Jaya Nachnani, an 18-year-old senior at Mount Vernon, told Natanson: “We want to know if she’d be prepared for such a diverse and big county, because, you know, it’s a totally different ballgame.” Nachnani is one of four students who wrote a detailed commentary on the hiring decision in The Washington Post this week titled “We walked out over Fairfax County’s new superintendent. Here’s why.”

Those students, and others with doubts about Reid, could not have made the argument that the new hire doesn’t understand the district if the school board had promoted to superintendent one of the many excellent Fairfax County administrators who have made the district so popular with families moving into the area.

Opinion: We walked out over Fairfax County’s new superintendent. Here’s why.

People like Reid, shining stars from distant places, look great on paper. But they arrive lacking allies. Some of the most successful administrators in a district are likely to resent their presence, particularly if they celebrate their arrival with a barrage of new ideas. Sometimes in such situations, schools are forced to kill programs that a savvy inside candidate would have known were just beginning to work.

In 2016, I wrote a column in the form of a letter to D.C. Mayor Muriel E. Bowser. She was about to exercise her power to appoint a new schools chancellor. I begged her first to have a long conversation with the retiring chancellor, Kaya Henderson, over what person already working in the district would make a good replacement. Henderson had been the rare case of an inside appointment. She became one of the longest serving leaders in the district’s history. She knew who would be ready to run those schools, full of challenges.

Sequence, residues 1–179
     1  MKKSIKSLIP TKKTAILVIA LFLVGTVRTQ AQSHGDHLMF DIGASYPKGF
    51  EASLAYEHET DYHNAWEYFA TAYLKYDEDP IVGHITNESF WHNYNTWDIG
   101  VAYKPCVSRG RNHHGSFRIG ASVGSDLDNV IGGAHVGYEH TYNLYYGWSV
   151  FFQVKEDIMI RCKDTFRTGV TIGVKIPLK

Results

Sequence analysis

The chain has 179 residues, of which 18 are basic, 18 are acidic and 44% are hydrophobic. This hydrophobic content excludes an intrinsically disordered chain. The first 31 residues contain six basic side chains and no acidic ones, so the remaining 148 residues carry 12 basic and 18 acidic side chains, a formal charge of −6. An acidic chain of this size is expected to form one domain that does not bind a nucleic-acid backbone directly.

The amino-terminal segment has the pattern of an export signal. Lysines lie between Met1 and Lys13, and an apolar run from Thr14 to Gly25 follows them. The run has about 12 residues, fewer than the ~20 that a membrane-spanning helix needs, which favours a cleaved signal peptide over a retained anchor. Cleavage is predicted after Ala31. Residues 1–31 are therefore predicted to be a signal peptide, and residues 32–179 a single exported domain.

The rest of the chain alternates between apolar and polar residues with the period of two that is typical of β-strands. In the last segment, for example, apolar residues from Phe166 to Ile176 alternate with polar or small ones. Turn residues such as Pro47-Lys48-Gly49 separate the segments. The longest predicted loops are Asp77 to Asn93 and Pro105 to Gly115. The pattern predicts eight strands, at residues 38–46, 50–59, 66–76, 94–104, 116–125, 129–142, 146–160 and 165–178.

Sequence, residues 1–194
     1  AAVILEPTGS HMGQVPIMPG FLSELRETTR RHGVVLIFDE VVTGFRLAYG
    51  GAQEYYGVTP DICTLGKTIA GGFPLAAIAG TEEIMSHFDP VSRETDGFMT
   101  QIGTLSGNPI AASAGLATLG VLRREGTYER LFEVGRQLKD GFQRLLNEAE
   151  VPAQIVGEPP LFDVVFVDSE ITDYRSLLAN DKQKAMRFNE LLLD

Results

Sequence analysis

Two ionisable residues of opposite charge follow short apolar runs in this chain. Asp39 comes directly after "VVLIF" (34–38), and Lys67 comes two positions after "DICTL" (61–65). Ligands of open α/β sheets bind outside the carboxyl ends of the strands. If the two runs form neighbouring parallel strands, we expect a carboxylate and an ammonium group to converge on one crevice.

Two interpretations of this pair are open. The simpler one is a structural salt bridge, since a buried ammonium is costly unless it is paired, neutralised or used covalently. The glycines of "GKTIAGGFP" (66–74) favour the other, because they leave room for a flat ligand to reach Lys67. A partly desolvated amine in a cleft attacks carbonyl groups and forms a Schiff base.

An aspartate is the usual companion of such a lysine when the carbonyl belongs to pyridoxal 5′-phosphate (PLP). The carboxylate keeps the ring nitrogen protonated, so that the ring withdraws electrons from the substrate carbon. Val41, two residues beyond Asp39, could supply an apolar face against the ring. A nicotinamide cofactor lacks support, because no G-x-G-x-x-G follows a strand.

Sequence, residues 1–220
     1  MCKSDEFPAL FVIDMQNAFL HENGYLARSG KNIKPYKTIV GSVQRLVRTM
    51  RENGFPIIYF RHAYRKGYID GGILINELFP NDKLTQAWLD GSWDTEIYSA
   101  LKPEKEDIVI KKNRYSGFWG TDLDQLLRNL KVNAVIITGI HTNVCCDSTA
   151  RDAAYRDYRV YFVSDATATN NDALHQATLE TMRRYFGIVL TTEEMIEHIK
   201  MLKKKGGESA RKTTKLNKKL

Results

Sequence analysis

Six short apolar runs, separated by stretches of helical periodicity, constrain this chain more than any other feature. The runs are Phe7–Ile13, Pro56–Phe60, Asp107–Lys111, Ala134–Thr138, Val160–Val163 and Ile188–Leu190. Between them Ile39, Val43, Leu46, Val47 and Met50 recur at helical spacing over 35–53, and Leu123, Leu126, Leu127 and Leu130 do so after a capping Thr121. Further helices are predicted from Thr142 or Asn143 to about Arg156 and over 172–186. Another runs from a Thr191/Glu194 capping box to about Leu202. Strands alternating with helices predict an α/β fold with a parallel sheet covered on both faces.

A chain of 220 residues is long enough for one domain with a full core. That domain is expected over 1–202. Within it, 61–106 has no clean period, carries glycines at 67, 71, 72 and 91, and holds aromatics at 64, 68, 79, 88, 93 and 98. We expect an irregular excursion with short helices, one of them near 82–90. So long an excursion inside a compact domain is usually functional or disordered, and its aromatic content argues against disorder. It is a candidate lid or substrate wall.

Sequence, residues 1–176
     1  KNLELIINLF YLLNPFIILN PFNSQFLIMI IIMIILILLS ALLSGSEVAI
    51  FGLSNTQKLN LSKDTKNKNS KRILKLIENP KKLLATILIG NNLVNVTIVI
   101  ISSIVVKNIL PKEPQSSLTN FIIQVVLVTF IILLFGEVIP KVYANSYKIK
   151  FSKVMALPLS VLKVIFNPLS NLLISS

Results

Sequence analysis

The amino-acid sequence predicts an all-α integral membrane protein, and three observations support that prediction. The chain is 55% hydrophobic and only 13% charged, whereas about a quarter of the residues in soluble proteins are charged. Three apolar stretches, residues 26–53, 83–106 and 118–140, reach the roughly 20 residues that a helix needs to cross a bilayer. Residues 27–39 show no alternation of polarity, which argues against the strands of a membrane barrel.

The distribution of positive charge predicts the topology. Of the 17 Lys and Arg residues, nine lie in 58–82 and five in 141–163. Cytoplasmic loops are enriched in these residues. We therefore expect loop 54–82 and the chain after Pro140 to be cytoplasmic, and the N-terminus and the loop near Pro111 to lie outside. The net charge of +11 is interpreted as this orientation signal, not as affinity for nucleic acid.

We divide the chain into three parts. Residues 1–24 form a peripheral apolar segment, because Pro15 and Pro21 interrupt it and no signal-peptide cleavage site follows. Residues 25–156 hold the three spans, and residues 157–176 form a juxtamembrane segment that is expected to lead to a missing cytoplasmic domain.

The mayor, as I expected, still picked an outside candidate. I suspect she feared doing otherwise would have seemed gauche. So many people around her, as happens with most big districts, assumed a national search was the smart move.

The most successful public charter school systems usually don’t do that. They know what works for their kids. They appoint leaders from inside their systems who understand their methods and know how to make even more progress.

Doug Lemov, the best-selling author of the “Teach Like a Champion” books and a leader in the Uncommon Schools charter network, noted that school districts have the most data on possible inside candidates and are better able to preserve their culture if they promote them. The preference for outside candidates hurts morale, he said, because “you can never get to the top unless you move to a new place.”

Scott Brabrand understands how that works. He is the Fairfax County schools superintendent whose decision to leave at the end of his contract June 30 led to the appointment of Reid. He started in the district as a social studies teacher in 1994 and had several jobs there as an administrator. I met him then. He was smart and energetic. But he wasn’t appointed Fairfax schools superintendent until 2017, after he had served five years as head of Lynchburg City Schools in Virginia.

He may have tried to tell school board members of the people they already had who would make great leaders. But if he did, the board members sadly weren’t convinced that a candidate who knows their county would be better than one who doesn’t.